Why is it “covered in cats”…along with other famous tourist attractions?” I visited Gotokuji in Setagaya, the 7th most popular inbound destination. | FRIDAY DIGITAL

Why is it “covered in cats”…along with other famous tourist attractions?” I visited Gotokuji in Setagaya, the 7th most popular inbound destination.

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80%” of worshippers are tourists from overseas

According to the “Inbound Tourist Attraction Ranking” released by mov, Inc., which operates one of Japan’s largest inbound comprehensive media “Visit Japan Lab,” Sensoji Temple, Kinkakuji Temple, Kiyomizu Temple… were ranked in the top 10 inbound popular tourist attractions along with other famous tourist attractions. Gotokuji Temple in Setagaya.

Tourists from overseas look with interest at the “beckoning cats” lined up on the votive shelves (PHOTO: Ayumi Kagami).

When I visited Gotokuji before 10:00 a.m. on a weekday, tourists from overseas were already in the temple. Some of the groups were on tours. There was also a small line at the temple office. When I asked the temple staff, they replied, “It’s still early in the morning, so it’s not so bad,

The temple staff told us, “It’s still early in the morning, so it’s not so big, but in the afternoon, the line can be long.

The temple is visited by 1,000 worshippers on weekdays and 2,000 on weekends, 80% of whom are tourists from overseas. Some visitors come by sightseeing bus, and at times the three parking lots set aside for sightseeing buses are filled to capacity. It is true that even now, most of the visitors to the shrine are foreigners.

The number of visitors from overseas has been increasing over the past 10 years, as the temple was covered by the BBC and other foreign media as the “birthplace of beckoning cats,” and the number of visitors gradually increased as word spread through social networking services.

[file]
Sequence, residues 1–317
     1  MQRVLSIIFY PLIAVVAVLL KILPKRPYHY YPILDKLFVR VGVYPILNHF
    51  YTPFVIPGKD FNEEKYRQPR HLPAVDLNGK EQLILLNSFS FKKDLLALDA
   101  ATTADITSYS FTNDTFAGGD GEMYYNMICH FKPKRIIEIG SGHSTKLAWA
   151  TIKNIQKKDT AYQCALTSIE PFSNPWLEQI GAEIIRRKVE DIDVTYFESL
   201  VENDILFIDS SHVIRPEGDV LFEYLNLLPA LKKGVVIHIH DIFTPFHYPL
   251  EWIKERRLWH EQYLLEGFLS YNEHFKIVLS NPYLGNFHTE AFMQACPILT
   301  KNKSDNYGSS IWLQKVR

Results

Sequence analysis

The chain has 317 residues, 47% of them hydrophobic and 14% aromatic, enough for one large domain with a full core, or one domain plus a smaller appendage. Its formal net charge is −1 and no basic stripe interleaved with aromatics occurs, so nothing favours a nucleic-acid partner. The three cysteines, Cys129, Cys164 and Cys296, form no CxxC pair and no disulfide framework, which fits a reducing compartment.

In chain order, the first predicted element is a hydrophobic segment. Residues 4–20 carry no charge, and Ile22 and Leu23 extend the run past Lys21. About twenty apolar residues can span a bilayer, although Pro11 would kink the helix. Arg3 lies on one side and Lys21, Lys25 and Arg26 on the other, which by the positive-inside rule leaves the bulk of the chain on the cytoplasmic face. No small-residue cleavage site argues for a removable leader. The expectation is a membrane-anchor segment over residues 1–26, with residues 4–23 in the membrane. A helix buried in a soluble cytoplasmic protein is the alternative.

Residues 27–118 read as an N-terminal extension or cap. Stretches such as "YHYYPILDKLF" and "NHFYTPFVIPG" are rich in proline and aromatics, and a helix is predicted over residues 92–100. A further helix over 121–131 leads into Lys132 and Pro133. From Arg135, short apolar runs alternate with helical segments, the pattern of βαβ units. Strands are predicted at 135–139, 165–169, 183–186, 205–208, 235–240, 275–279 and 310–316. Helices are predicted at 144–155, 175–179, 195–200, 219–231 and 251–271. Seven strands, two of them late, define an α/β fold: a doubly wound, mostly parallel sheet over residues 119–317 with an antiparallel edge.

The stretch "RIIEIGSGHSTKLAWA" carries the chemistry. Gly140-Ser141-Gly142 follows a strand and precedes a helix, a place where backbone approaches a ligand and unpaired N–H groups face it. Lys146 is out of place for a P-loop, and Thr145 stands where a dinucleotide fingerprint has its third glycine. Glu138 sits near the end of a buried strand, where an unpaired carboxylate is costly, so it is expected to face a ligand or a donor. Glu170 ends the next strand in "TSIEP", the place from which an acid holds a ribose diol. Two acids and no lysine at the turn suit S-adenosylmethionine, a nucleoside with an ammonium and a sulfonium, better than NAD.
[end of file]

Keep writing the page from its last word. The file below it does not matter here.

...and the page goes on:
It is before 10:00 on a weekday, but there are tourists from overseas in front of the temple office. In the afternoon, there is a long line of people waiting to get beckoning cats and money.

The birthplace of “Manekineko” (beckoning cat) The birthplace of beckoning cats

Gotokuji Temple was founded in 1480 by Masatada Kira and later became a family temple of the Iyi family.

One day, Ii Naotaka, a lord of the Hikone domain, stopped by the temple on a falconry trip. A cat beckoned him to enter the temple, and a thunderstorm suddenly began to fall. Ii Naotaka was so moved by his good fortune that he was able to avoid the thunderstorm and enjoy talking with the monk.

In a corner of the spacious temple grounds, there is a votive shelf filled with beckoning cats of all sizes. The dedication shelf is filled with beckoning cats of all sizes. When the shelves are full, the cats are burnt, but this cannot be done once a year, so they are burnt several times a year.

A statue of the beckoning cat is placed in front of the hall, and inside the hall, the beckoning cats that have been dedicated are lined up in a row without any space between them, just like the shelves of votive offerings.

The 22.5-meter-high three-story pagoda is decorated with the twelve signs of the Chinese zodiac, and a beckoning cat is at the “child (ne)” spot. The cat’s picture is also painted on the side of a vending machine, and you will encounter beckoning cats in many other places.